Lately, I have heard from and work with more people who are working and are not satisfied with their career progression. Here’s one example where a young professional was stalled in her career.
This young professional is a 10+ year employee who is not being considered for promotional opportunities but is continually asked to train others to take over her boss’s position.
She approached me because it had become clear that the company was not going to promote her and she believes she is ready for more responsibility. She was very unhappy and knew it was time to make a change.
What are her alternatives? A situation like this is not always clear-cut and requires some discussion to pull out all the facts. Here are some the questions that I asked her that you should ask yourself:
- What has her performance been rated as? Is it documented?
- Does the company or her boss give constructive feedback?
- What kind of training has she done to advance her skill sets?
- Does she have a development plan in place?
- Does she have an internal advocate, mentor or confidante?
- What kinds of conversations have others had with her about her career progression?
- What is the company’s philosophy on employee development?
- Is she being given assignments that test and stretch her skill sets?
- How does the company culture impact career progression or promotions?
- Are job progression paths defined?
- Does the company have a succession planning process?
- What kind of activities, behaviors or things is she doing that need to stop (otherwise known as career limiting behaviors?)
- What kind of activities, behaviors or things does she need to start doing?
- What kind of activities, behaviors or things does she need to continue doing?
- Is educational or other credentialing inhibiting her career progression?
- Can she fix it?
The list could go on…in fact, share your favorite thought-provoking question!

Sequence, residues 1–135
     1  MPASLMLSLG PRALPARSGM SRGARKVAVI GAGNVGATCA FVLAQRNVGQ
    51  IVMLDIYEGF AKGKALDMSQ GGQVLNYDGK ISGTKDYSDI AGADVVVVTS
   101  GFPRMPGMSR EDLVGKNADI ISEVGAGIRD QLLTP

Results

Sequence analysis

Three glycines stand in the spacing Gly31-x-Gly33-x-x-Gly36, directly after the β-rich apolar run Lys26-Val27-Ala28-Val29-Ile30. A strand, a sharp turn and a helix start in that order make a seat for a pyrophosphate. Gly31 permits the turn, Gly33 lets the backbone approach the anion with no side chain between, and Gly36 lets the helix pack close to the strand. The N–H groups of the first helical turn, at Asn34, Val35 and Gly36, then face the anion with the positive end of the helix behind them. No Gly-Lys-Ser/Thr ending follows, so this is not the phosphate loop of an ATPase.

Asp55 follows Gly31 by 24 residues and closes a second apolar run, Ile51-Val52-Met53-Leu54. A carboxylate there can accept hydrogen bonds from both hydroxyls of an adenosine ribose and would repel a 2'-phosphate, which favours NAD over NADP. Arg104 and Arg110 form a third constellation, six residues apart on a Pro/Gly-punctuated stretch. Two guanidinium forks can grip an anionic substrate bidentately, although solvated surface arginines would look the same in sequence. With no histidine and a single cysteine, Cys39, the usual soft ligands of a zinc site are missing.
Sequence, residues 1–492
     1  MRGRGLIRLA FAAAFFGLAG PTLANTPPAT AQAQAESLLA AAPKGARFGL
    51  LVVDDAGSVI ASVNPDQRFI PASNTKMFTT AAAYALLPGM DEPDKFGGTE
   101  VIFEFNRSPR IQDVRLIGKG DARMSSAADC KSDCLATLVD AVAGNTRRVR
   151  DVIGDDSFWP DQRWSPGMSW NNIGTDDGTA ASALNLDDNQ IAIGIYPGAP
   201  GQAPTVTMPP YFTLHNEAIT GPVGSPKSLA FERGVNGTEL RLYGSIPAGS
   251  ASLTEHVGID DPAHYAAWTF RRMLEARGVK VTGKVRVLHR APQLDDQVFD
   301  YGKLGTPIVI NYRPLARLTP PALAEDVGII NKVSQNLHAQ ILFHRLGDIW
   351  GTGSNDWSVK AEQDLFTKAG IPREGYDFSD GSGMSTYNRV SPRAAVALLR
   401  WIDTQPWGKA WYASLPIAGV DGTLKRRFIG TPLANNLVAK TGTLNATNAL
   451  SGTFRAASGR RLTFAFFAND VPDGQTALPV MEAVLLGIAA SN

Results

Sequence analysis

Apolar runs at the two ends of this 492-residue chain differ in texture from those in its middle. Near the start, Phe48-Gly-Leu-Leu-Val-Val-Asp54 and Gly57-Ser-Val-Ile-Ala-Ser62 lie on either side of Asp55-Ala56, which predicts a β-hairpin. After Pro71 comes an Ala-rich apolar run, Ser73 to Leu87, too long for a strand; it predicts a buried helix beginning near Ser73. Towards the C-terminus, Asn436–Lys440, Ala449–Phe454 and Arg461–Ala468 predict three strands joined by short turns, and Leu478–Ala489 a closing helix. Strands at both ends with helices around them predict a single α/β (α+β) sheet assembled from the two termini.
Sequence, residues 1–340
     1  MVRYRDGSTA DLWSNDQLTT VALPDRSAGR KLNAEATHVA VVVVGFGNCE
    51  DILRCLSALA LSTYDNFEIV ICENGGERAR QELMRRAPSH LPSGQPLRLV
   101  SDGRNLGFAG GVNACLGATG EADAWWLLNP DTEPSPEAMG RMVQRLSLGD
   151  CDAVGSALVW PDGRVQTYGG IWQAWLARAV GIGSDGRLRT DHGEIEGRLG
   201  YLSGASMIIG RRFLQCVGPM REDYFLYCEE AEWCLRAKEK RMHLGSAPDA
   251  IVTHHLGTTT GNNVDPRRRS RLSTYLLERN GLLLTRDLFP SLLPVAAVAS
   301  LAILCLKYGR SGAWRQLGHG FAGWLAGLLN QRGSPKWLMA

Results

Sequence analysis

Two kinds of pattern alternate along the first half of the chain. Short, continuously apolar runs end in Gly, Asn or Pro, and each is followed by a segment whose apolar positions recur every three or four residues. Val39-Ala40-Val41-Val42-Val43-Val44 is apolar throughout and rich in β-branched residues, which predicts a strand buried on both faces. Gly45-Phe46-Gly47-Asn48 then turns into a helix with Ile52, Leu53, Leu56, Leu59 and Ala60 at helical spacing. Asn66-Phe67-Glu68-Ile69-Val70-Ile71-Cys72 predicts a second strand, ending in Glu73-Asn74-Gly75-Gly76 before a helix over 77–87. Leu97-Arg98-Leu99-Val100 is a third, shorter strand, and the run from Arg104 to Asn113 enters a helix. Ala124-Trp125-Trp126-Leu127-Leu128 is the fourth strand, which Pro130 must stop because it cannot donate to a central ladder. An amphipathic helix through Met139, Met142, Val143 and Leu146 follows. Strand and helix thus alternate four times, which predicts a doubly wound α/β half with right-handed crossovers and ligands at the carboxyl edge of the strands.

While the background of this situation may differ from your own, my experience is that many of these same questions apply because it is important to understand the big picture. Individual details represent only part of the equation.
It is important to figure out if you are reason career progression has stalled or if the company or its culture is just not aligned with your expectations. Let’s be honest, stalled career progression is often a mixture of both.
There are several approaches and things you can do to increase career progression opportunities. However, the main decision is to decide to stay or go. Your answer defines the priorities and what to do next.
If you stay, the bottom line is you will have to act, behave and do things differently. Remember the adage – if continue to do the same thing – you will get the same results. What to change may be include you skills, political astuteness, relationship building, or possibly increasing your self-promotion.
If you decide to go, the biggest challenge is not to repeat the same mistakes or to let your current company experience unduly influence your next career move.
Don’t blow your opportunity to assess a new company during the interview and selection process. Successful company searches require careful preparation of interview questions and research.
One of the ways my clients understand the areas to explore more fully during their interviews uses the Herrmann Brain Dominance Instrument (HBDI) assessment process. Your individual HBDI results enable you to devise a balanced interviewing approach by pin pointing the questions that may not be traditionally asked – yet are the deal killers for your career progression.
So if you find your career floundering, think about what changes you can make to put it back on the right track. If you something worked for you – what was it?